The strange, self-contained world of pro forma financial statements…
We recently discussed the CSA’s current consultation paper on reducing the “regulatory burden” on reporting issuers. Among much else, the paper floats the possibility of removing the requirement to prepare pro forma statements as part of a business acquisition report filed under Canadian securities regulations. Well, in a nutshell, if that part of the reporting “burden” can’t be removed without causing detectable damage to anyone’s understanding of anything, then nothing can.
It had been a while since I spent much time looking at pro forma statements, but recently after a professional change of scene I’ve been encountering them more often again. For the uninitiated, these are a regular component of those business acquisition reports, or of other filings made in connection with significant corporate transactions. In the words of National Instrument 51-102: “The objective of pro forma financial statements is to illustrate the impact of a transaction on a reporting issuer’s financial position and financial performance by adjusting the historical financial statements of the reporting issuer to give effect to the transaction. Accordingly, the pro forma financial statements should be prepared on the basis of the reporting issuer’s financial statements as already filed.”
So, if calendar-year reporting entity A acquires entity B in May 2017, it might present a pro forma consolidated balance sheet and income statement showing how things would have looked if the transaction had taken place on December 31, 2016 and on January 1, 2016 respectively (the different assumptions applying to the two statements reflect the different preparation mechanics). In broad terms of course, this just amounts to adding the historical statements of A and B together and adding the minimal entries necessary to make it “work” in accounting terms (bringing in an estimate of the purchase price, eliminating the share capital of the acquired entity and suchlike).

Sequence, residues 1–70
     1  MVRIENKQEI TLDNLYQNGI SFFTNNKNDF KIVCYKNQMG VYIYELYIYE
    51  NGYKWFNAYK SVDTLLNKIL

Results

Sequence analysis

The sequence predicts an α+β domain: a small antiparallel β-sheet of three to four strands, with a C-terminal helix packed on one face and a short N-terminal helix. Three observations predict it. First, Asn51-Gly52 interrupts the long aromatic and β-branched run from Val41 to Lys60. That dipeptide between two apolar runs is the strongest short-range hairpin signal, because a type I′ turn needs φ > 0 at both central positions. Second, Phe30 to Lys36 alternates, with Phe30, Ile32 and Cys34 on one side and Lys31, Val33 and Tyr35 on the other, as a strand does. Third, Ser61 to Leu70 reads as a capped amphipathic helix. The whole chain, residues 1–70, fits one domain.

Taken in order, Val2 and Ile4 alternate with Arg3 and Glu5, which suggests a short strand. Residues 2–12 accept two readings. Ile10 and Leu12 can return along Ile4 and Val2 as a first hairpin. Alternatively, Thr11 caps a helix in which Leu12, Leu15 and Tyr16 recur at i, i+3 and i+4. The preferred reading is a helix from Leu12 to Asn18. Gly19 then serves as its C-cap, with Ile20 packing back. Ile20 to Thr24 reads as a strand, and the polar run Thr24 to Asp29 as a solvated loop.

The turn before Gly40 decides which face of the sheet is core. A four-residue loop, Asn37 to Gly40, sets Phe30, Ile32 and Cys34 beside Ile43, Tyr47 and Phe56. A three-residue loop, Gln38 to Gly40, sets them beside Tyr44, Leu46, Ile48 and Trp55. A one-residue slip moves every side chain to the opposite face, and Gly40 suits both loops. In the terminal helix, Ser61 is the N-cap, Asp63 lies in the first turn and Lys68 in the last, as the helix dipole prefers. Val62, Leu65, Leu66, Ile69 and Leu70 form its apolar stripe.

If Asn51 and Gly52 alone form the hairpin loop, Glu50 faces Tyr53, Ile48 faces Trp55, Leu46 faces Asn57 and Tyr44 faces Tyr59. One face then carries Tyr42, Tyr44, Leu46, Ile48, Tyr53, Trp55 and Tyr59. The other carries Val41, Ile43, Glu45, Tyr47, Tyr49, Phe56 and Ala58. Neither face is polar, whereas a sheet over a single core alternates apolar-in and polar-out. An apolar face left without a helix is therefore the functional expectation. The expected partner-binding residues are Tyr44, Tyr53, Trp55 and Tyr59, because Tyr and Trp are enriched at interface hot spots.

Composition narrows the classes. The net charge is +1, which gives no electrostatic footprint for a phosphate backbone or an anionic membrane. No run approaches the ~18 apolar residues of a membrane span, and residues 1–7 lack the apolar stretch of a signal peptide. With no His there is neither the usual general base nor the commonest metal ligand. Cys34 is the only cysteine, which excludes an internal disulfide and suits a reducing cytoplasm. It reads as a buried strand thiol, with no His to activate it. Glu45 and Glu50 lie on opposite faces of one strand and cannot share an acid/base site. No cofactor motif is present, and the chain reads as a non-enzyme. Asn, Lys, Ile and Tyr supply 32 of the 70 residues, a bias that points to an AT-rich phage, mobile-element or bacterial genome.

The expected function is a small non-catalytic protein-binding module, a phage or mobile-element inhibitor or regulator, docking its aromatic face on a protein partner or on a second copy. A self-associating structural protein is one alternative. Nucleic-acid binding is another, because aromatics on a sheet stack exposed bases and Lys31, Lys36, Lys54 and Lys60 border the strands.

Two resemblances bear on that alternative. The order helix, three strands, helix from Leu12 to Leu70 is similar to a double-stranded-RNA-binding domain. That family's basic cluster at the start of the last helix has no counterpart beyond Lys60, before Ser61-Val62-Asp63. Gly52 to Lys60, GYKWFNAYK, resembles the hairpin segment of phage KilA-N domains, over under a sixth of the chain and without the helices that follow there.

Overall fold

As with any aspect of financial reporting, the only ultimate point of doing anything that relates to the past is to provide a basis for forming expectations about the future. This premise becomes a bit strained for pro forma financial statements because the separate historical information of the two entities only provides a limited basis (if any) for anticipating what might become of the combined entity (it’s commonly pointed out that a large percentage – perhaps more than half – of business combinations fail to meet management’s expectations for them, for one reason or another). If entity B had in fact been owned by entity A for any portion of 2016, then of course it might have done things differently in any number of key respects, with material consequences for the financial statements. The trouble is though that if you try to incorporate those kinds of what-might-have-beens into a pro forma statement, your “historical illustration” may rapidly become highly subjective and unreliable. Wary of this possibility, Canadian regulators generally limit pro forma adjustments to the following: